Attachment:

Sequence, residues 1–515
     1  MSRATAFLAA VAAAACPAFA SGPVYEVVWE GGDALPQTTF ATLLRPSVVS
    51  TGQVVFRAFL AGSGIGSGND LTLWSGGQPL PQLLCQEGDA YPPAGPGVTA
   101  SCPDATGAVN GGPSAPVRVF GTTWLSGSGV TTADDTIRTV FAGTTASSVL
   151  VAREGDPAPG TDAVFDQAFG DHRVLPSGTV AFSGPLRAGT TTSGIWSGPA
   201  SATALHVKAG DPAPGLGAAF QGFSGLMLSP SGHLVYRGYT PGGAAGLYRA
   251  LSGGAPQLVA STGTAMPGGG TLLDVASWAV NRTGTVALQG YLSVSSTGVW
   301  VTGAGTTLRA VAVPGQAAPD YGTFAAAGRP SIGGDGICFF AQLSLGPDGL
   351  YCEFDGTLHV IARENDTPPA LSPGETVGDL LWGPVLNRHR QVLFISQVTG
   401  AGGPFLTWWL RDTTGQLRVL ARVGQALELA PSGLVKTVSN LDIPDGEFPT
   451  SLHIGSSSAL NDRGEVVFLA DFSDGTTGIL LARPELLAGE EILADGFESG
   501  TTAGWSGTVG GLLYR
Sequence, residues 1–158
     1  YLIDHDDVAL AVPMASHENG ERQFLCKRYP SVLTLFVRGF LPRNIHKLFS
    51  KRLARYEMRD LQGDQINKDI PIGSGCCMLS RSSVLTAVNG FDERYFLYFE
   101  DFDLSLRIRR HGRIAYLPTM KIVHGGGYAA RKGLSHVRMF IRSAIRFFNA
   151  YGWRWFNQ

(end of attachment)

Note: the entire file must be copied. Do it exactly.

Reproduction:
Sequence, residues 1–515
     1  MSRATAFLAA VAAAACPAFA SGPVYEVVWE GGDALPQTTF ATLLRPSVVS
    51  TGQVVFRAFL AGSGIGSGND LTLWSGGQPL PQLLCQEGDA YPPAGPGVTA
   101  SCPDATGAVN GGPSAPVRVF GTTWLSGSGV TTADDTIRTV FAGTTASSVL
   151  VAREGDPAPG TDAVFDQAFG DHRVLPSGTV AFSGPLRAGT TTSGIWSGPA
   201  SATALHVKAG DPAPGLGAAF QGFSGLMLSP SGHLVYRGYT PGGAAGLYRA
   251  LSGGAPQLVA STGTAMPGGG TLLDVASWAV NRTGTVALQG YLSVSSTGVW
   301  VTGAGTTLRA VAVPGQAAPD YGTFAAAGRP SIGGDGICFF AQLSLGPDGL
   351  YCEFDGTLHV IARENDTPPA LSPGETVGDL LWGPVLNRHR QVLFISQVTG
   401  AGGPFLTWWL RDTTGQLRVL ARVGQALELA PSGLVKTVSN LDIPDGEFPT
   451  SLHIGSSSAL NDRGEVVFLA DFSDGTTGIL LARPELLAGE EILADGFESG
   501  TTAGWSGTVG GLLYR
Sequence, residues 1–158
     1  YLIDHDDVAL AVPMASHENG ERQFLCKRYP SVLTLFVRGF LPRNIHKLFS
    51  KRLARYEMRD LQGDQINKDI PIGSGCCMLS RSSVLTAVNG FDERYFLYFE
   101  DFDLSLRIRR HGRIAYLPTM KIVHGGGYAA RKGLSHVRMF IRSAIRFFNA
   151  YGWRWFNQ